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When IPCC graphs can foster or bias understanding: evidence among decision-makers from governmental and non-governmental institutions

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dc.contributor.author Fischer, Helen
dc.contributor.author Broek, Karlijn L. van den
dc.contributor.author Ramisch, Kilian
dc.contributor.author Okan, Yasmina
dc.date.accessioned 2023-02-24T07:04:29Z
dc.date.available 2023-02-24T07:04:29Z
dc.date.issued 2020
dc.identifier.citation Fischer H, van den Broek KL, Ramisch K, Okan Y. When IPCC graphs can foster or bias understanding: evidence among decision-makers from governmental and non-governmental institutions. Environ Res Lett. 2020;15(11):114041. DOI: 10.1088/1748-9326/abbc3c
dc.identifier.issn 1748-9326
dc.identifier.uri http://hdl.handle.net/10230/55914
dc.description.abstract To develop effective climate change policy, decision-makers need to have the best possible understanding of the available climate science. The IPCC Assessment Reports therefore aim to lay the foundation for informed political decision-making by providing policy-relevant information. But how successful are IPCC reports at communicating key findings? Although IPCC reports display key information in graphs, the interpretation of such graphs has received little attention. Here we provide an empirical evaluation of IPCC graph comprehension among IPCC target audience (N = 110), (political) decision-makers from climate-related (non-)governmental organizations from 54 countries, and a comparative sample of German junior diplomats, representing future international decision-makers (N = 33). We assess comprehension of current climate change risk visualizations using two IPCC graphs, one that employs principles of intuitive design, and one that violates principles of intuitive design. Results showed that (i) while a minority of IPCC target audience misinterpreted the intuitive graph, (ii) the majority of participants systematically misinterpreted the counter-intuitive graph, drawing the opposite conclusion from what was meant to be conveyed by the graph, despite (iii) having high confidence in the accuracy of their interpretation. Since misinterpretation of IPCC graphs does not allow for optimal use of the scientific information for policy-making, the results emphasize the importance of IPCC graphs that follow the principles of intuitive design.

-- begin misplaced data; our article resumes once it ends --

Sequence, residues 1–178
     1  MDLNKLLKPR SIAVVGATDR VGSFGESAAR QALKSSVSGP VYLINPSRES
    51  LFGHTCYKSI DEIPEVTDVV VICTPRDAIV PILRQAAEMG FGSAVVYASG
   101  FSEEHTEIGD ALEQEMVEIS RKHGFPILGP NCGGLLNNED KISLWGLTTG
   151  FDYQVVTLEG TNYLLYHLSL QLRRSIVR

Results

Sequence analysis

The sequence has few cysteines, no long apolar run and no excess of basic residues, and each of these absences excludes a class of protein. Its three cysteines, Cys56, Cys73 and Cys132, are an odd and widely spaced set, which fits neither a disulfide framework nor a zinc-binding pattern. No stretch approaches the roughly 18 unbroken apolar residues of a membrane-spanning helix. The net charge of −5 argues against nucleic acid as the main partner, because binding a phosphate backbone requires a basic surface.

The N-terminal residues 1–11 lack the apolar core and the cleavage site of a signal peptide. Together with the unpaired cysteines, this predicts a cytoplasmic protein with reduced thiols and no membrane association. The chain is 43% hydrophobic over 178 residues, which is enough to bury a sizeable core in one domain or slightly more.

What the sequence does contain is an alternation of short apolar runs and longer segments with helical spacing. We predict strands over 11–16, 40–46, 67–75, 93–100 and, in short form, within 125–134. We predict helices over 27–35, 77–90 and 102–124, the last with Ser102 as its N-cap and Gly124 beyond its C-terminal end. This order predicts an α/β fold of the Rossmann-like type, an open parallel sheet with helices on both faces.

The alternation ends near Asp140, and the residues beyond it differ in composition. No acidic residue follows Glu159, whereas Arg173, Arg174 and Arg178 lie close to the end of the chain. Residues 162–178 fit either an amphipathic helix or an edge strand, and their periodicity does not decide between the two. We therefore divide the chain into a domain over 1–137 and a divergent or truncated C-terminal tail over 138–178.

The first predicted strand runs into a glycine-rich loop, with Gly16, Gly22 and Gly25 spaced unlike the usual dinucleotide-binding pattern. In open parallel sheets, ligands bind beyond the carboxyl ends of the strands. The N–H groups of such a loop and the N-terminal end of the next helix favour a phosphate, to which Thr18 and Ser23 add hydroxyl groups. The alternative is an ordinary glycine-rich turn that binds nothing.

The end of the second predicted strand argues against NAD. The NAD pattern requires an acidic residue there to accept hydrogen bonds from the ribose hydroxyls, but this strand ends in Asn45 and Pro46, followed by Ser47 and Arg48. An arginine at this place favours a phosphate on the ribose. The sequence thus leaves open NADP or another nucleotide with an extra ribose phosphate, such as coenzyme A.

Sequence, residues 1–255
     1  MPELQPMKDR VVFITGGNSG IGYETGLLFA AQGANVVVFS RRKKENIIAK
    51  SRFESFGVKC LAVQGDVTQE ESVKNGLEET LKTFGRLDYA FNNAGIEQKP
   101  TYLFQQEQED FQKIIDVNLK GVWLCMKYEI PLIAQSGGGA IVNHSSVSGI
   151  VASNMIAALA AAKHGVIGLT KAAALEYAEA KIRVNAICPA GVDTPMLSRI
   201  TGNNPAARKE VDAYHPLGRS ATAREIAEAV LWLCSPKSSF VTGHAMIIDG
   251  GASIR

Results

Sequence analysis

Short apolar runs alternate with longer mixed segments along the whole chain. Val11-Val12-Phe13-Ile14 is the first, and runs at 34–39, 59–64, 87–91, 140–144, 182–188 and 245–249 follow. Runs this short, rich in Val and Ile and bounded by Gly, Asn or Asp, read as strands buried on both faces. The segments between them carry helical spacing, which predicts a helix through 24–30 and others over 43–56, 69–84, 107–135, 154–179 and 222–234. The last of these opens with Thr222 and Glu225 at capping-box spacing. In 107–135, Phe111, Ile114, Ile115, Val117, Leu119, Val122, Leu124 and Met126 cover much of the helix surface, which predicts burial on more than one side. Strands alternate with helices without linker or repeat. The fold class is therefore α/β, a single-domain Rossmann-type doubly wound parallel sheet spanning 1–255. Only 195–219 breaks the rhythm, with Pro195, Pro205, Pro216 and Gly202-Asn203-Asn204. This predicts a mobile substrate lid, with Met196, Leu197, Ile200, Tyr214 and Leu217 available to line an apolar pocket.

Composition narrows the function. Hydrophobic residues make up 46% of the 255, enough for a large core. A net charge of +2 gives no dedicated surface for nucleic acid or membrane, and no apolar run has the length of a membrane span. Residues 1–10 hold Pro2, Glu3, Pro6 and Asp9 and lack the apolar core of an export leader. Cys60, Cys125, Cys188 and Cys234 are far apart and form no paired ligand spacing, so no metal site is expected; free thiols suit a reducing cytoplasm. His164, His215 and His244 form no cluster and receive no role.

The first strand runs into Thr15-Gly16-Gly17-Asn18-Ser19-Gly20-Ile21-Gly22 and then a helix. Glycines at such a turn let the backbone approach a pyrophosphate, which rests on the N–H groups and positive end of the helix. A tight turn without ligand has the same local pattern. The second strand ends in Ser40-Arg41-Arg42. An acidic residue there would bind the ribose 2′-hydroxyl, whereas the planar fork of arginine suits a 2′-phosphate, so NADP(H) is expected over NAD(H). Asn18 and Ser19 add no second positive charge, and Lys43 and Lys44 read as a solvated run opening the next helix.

dc.format.mimetype application/pdf
dc.language.iso eng
dc.publisher IOP Publishing Ltd.
dc.relation.ispartof Environmental Research Letters. 2020;15(11):114041.
dc.relation.isreferencedby https://osf.io/tzkbg/
dc.rights © 2020 The Author(s). Published by IOP Publishing Ltd. Original content from this work may be used under the terms of the Creative Commons Attribution 4.0 licence. Any further distribution of this work must maintain attribution to the author(s) and the title of the work, journal citation and DOI.
dc.rights.uri https://creativecommons.org/licenses/by/4.0/
dc.title When IPCC graphs can foster or bias understanding: evidence among decision-makers from governmental and non-governmental institutions
dc.type info:eu-repo/semantics/article
dc.identifier.doi http://dx.doi.org/10.1088/1748-9326/abbc3c
dc.subject.keyword climate change
dc.subject.keyword IPCC graphs
dc.subject.keyword objective and subjective comprehension
dc.subject.keyword metacognition
dc.rights.accessRights info:eu-repo/semantics/openAccess
dc.type.version info:eu-repo/semantics/publishedVersion

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